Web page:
UNHCR's main Government counterpart and implementing partner to ensure protection of refugees in Ethiopia is the Administration for Refugee and Returnee Affairs (ARRA). ARRA has increased, and will further pursue, collaborative initiatives with other agencies, ministries and donors to ensure the complementary resources being received by the government, such as the Development Response to Displacement Impacts Project (DRDIP) and the World Bank’s International Development Associations 2018 sub-window, which will be effectively coordinated to improve the wellbeing of refugees as well as host communities. In addition, UNHCR works with some 40 partners, and is fully engaged in the Humanitarian Country Team. The Office will continue building on the well-established coordination fora such as the Refugee Task Force, and donor, NGO and inter-agency meetings at the field and in the camps.
 
In line with UNHCR Ethiopia’s multi-year and multi-partner planning strategy, the operation builds on current initiatives to rationalize existing partnerships and pursues new and more sustainable ones. On-going demarches with non-traditional partners in development such as the World Bank, are redoubled. Opportunities presented by the government of Ethiopia’s pledges, opportunities drawing from Ethiopia as one of the Comprehensive Refugee Response Framework (CRRF) roll-out countries and the related positive response from donors and development actors allow for the prioritization of interventions and allocation of resources within the framework of protection programming in 2018 and beyond.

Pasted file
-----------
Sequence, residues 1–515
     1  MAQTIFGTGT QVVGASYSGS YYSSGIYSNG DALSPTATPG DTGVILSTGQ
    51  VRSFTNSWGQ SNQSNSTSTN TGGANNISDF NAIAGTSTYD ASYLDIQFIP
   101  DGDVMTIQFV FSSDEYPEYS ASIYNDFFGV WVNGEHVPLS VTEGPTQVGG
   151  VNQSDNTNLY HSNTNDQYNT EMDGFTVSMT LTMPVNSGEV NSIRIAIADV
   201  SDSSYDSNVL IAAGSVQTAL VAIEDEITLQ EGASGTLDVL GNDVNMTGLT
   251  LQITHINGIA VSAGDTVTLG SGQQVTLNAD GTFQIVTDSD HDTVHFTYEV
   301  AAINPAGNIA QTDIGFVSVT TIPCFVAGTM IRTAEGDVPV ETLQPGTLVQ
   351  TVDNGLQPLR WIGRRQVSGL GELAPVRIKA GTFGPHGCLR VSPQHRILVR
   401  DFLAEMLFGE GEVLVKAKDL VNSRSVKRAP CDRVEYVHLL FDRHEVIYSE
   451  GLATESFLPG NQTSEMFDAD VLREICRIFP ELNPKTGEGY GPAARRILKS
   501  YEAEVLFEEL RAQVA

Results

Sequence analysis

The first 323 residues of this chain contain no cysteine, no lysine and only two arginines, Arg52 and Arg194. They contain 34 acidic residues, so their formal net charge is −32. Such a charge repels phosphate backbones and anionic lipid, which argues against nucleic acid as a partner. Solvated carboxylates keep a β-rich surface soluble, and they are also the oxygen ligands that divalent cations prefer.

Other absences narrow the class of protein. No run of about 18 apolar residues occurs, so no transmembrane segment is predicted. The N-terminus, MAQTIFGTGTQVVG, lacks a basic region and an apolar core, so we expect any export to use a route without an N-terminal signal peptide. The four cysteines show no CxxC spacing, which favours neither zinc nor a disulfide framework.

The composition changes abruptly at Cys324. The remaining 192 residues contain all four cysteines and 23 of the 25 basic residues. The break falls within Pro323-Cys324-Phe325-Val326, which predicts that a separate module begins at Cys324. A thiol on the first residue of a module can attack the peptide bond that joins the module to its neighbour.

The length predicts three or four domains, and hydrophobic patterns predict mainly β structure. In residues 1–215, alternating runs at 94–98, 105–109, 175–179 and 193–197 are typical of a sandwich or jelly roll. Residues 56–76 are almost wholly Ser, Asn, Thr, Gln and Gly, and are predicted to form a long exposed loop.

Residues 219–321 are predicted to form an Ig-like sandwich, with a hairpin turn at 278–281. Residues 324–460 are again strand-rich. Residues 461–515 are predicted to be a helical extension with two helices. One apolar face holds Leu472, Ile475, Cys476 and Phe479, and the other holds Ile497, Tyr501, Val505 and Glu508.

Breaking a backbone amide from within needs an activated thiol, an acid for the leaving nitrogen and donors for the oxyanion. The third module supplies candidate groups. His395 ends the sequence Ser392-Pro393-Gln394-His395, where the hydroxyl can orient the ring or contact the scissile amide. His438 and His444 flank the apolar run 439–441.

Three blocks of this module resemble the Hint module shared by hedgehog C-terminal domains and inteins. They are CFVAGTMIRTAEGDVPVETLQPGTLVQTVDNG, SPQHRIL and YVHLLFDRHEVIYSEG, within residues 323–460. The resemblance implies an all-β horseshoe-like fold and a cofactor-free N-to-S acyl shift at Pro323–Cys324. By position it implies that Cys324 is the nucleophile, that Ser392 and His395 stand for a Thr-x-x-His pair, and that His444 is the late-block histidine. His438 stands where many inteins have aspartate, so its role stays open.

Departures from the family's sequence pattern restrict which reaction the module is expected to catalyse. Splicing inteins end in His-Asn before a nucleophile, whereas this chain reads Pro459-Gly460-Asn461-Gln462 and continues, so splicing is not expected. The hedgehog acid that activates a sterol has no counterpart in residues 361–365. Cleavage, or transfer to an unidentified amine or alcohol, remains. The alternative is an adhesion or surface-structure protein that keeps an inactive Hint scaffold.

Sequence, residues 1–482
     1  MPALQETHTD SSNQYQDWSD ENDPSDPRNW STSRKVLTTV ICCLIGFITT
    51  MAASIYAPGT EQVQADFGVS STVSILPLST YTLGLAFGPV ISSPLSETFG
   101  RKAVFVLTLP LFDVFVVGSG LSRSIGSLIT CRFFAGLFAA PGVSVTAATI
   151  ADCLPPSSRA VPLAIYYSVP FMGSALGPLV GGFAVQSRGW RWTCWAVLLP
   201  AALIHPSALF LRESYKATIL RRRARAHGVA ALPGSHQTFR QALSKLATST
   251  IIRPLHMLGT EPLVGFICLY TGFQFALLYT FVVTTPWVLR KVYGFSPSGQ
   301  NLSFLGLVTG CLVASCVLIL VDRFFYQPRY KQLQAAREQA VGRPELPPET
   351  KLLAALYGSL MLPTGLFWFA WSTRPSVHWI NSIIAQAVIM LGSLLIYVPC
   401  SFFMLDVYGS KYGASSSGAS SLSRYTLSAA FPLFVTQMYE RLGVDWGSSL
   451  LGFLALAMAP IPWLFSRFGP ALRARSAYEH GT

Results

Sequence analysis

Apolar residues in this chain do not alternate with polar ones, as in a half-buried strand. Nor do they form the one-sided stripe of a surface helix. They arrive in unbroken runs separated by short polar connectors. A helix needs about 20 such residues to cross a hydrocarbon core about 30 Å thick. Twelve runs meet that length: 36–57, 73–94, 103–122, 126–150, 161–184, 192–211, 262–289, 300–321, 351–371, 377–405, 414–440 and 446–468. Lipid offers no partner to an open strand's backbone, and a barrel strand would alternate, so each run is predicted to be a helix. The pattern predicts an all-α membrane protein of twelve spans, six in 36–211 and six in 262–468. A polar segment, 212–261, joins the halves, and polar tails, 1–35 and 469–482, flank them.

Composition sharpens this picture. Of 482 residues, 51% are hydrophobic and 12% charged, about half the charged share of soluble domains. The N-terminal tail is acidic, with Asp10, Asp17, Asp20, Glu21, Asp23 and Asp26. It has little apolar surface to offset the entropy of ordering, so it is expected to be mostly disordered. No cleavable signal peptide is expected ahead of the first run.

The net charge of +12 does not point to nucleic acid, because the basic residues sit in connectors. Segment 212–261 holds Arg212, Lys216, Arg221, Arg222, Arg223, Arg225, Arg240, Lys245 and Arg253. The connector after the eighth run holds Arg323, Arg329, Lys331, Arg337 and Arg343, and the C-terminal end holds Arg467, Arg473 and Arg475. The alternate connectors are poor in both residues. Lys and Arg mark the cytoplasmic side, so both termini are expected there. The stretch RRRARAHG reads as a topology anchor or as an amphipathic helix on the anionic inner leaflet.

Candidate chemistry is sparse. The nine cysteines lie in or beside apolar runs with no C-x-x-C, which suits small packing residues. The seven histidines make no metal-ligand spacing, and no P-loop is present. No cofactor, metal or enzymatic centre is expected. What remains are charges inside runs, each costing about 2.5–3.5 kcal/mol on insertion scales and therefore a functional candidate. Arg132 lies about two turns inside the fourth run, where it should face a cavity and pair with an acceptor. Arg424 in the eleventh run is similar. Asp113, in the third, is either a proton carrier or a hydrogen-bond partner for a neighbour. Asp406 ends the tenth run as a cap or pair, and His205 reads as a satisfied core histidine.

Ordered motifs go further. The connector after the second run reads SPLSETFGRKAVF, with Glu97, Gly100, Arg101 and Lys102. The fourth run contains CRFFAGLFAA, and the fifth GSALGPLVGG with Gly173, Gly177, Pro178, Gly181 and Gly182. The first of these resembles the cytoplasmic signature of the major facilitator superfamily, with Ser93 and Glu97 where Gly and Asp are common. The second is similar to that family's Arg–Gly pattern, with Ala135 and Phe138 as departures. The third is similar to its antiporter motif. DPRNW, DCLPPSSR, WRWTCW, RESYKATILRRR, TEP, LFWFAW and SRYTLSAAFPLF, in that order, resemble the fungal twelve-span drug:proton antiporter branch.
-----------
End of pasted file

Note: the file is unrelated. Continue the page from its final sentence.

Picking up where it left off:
Key priorities

 
UNHCR has developed comprehensive protection and solutions strategies for urban refugees and refugees from Eritrea, Somalia, South Sudan and Sudan. The strategic objectives are adapted to suit the specific situations and needs of each population group. Common priorities for 2018 are:
  • Preserving and enhancing the protection environment and living conditions for refugees and promotion of peaceful coexistence;
  • Strengthening refugee protection through the expansion of improved community-based and multi-sectorial child protection and SGBV programmes;
  • Strengthening access to basic services;
  • Expanding livelihoods opportunities;
  • Supporting the implementation of the Government’s commitments to expand long-term access to rights, services, and self-reliance opportunities, in line with the CRRF;
  • Contributing to building stronger linkages to local and national development related interventions;
  • Expanding access to solutions and legal pathways to protection and solutions, where feasible.
 In this respect, priorities include improving nutrition and food security, primary health care, alternative sources of household energy, livelihood opportunities and self-reliance and improvement of service delivery in the camps. The provision of cash-based interventions instead of certain core relief items is being expanded in the short term, and the delivery of targeted assistance is being piloted. Continuous registration and  collection of data pertaining to refugees is ongoing and expected to have been rolled out before 2018. The establishment of a legal framework for the implementation of the pledges through incorporation into a Refugee Regulation and possible amendment to the 2004 Refugee Proclamation is moving ahead in 2017.